Retirement might be overwhelming for some or an exciting change for others. It may be the time to cross activities off the bucket list, move closer to family, or relax comfortably in a recliner chair. Although there might be many opportunities to look forward to, the cost of retirement is most likely not one of them. You might be living on Social Security benefits and savings, but every individual situation is different. Downsizing in retirement might be something to consider for more than one reason.
Too much space
You might still be living in a large family home from when you were raising a family. Now that all the children have left the nest, it may not be necessary to have that extra space. A larger home means more cleaning and more to keep up with. There may be three bedrooms that have not been used or a formal living room with furniture that has not been sat on in years. You may still vacuum and dust every room, keeping it looking brand new, only for them not to be used.
Less strain on your body
According to the Centers for Disease Control and Prevention (CDC), more than one out of four older people fall each year, and one out of five falls cause serious injury. Stairs or clutter can make it dangerous to carry a vacuum or heavier object throughout the home. Large homes may also have high storage shelves, so trying to reach up high to put an item away could strain your back or neck.
Any injury that can happen from simple daily chores can be detrimental. It strains body and may make it difficult to perform necessary activities such as driving.
The unnecessary space, large yard, and high possibility of injury may lead you to out-source daily chores. Pushing a lawnmower in the summer and shoveling snow in the winter can be exhausting and time-consuming. It is easier to pick up the phone and hire a team to take care of those services. However, hiring a team means more money you are spending. You already have your mortgage, bills, insurance, and various other necessities that you are budgeting for.
Downsizing to a more fitting home with a smaller yard or even an apartment with no yard might be something to think about.
Costs in bills
According to the Fidelity Retiree Health Care Cost Estimate, an average retired couple age 65 in 2020 may need approximately $295,000 saved to cover health care expenses in retirement. Depending on where you live, mortgage/rent, car insurance, health insurance, phone bill, and all other bills tied to home can put you over the edge on spending. It is not easy to plan for things you enjoy while worrying about budgeting and making payments. Minimizing the amount of bills by downsizing may be more beneficial financially.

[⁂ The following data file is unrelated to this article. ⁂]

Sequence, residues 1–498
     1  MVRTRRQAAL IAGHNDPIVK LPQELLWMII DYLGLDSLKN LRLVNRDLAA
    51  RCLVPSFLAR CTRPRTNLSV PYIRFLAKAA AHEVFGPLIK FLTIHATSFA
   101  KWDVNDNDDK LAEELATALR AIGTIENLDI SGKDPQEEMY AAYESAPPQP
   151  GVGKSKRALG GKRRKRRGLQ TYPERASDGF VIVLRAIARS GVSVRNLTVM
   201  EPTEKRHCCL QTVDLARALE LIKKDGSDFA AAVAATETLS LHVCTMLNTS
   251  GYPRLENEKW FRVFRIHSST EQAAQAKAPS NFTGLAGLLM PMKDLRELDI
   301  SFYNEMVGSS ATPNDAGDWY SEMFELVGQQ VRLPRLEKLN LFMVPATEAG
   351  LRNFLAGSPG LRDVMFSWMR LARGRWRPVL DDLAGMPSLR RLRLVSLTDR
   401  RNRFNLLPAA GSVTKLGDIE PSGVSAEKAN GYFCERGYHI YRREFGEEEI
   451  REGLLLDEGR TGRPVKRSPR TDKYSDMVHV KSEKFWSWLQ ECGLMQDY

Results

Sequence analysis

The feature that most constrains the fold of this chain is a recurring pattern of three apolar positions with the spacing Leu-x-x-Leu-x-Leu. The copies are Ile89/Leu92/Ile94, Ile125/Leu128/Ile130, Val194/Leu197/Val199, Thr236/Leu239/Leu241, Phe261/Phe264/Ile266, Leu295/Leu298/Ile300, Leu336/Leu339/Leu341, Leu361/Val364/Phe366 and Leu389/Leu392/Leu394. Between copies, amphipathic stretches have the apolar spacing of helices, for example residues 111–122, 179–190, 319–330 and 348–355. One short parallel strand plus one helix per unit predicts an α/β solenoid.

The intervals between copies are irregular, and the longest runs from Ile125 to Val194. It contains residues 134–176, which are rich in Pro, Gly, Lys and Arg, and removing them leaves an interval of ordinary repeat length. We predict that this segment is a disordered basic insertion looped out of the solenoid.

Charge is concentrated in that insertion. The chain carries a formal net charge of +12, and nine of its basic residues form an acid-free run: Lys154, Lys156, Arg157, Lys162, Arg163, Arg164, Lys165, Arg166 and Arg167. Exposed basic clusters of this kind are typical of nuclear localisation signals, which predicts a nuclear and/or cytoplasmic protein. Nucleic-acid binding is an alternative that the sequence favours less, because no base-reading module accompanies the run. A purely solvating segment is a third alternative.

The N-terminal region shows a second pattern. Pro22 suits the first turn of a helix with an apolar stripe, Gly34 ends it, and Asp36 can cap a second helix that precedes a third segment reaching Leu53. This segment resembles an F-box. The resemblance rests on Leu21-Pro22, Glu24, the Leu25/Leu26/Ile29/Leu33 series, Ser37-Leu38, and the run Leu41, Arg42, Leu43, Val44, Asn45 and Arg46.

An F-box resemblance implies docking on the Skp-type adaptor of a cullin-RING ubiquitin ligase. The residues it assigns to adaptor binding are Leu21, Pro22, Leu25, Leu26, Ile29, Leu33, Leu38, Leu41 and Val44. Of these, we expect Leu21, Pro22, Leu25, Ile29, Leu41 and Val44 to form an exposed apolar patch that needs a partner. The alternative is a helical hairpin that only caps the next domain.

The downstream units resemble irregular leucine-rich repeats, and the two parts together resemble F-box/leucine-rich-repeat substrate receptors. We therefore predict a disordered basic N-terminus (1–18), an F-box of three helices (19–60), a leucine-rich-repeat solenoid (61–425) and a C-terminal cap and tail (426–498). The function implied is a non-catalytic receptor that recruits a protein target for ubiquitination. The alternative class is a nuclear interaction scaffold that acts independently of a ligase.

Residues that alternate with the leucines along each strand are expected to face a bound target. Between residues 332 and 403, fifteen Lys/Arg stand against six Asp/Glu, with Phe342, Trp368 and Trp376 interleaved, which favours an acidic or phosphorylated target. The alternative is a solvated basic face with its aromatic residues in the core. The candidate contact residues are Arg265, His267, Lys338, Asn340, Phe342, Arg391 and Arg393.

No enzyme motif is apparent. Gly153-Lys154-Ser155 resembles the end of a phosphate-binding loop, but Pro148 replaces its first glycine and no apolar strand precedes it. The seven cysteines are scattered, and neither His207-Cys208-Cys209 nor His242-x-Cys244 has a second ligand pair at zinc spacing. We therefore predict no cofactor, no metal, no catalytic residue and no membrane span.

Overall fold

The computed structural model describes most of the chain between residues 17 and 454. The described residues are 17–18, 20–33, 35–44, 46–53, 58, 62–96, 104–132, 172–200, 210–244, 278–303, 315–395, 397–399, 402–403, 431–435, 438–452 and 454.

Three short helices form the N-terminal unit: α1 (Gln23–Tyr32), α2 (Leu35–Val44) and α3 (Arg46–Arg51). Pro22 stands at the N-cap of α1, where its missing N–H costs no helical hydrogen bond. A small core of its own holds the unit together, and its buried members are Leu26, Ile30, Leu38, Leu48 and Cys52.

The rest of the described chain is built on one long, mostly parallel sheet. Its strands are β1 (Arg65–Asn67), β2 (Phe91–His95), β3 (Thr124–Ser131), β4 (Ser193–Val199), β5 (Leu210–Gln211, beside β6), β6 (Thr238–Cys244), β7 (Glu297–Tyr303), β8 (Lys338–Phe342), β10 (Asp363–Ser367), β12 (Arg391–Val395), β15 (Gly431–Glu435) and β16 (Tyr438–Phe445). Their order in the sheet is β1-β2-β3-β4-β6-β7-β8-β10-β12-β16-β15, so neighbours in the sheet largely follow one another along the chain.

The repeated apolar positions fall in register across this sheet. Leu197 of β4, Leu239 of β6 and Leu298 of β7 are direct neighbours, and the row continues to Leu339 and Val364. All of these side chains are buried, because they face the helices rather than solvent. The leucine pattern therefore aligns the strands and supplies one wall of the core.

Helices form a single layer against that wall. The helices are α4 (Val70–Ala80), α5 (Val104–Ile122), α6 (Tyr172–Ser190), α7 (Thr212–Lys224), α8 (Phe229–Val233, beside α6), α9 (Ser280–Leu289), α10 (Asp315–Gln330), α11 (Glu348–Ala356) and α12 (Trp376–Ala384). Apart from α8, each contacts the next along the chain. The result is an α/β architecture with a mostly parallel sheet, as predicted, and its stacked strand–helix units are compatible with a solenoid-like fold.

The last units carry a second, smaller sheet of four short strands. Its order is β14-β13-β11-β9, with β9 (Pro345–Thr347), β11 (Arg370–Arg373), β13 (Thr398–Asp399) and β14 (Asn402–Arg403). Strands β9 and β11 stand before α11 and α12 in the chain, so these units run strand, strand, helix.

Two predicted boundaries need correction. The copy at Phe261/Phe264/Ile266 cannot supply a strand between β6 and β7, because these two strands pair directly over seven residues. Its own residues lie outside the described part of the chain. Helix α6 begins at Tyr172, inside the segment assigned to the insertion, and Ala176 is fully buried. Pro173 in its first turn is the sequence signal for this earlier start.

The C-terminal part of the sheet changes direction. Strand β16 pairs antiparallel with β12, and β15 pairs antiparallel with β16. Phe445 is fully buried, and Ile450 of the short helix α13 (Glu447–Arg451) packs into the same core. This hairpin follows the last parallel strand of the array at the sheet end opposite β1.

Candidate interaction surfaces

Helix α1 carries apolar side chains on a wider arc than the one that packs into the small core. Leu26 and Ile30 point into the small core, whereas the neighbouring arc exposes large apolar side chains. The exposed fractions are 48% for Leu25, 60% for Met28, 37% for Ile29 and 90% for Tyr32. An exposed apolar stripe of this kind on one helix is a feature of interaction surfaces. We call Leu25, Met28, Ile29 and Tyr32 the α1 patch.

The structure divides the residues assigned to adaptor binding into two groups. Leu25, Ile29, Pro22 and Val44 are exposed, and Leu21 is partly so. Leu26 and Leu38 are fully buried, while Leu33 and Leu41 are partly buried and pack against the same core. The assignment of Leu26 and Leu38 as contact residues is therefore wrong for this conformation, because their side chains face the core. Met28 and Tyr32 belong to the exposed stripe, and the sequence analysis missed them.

More time for you
There might be places you would like to visit or the family in another state that you would like to see more often. When you do not have a large yard to tend to and a big house to clean and pay for, the more opportunities you may have to travel and do activities.
According to AARP research, about 53% of retired Boomers were planning 4 or 5 leisure trips and an average of $7,800 was expected to be spent on vacations in 2020. Traveling is not cheap when airfare/gas, food, activities, and stay are added together. If traveling is in the plans or just having more money and time to do activities, downsizing your home may make those desires more reachable.
Downsizing in retirement might force you to go through your items and decide what to keep and what to toss. It can also be stressful looking for a new home, but there can be positives at the same time. It may put more money in your pocket and more time in your schedule.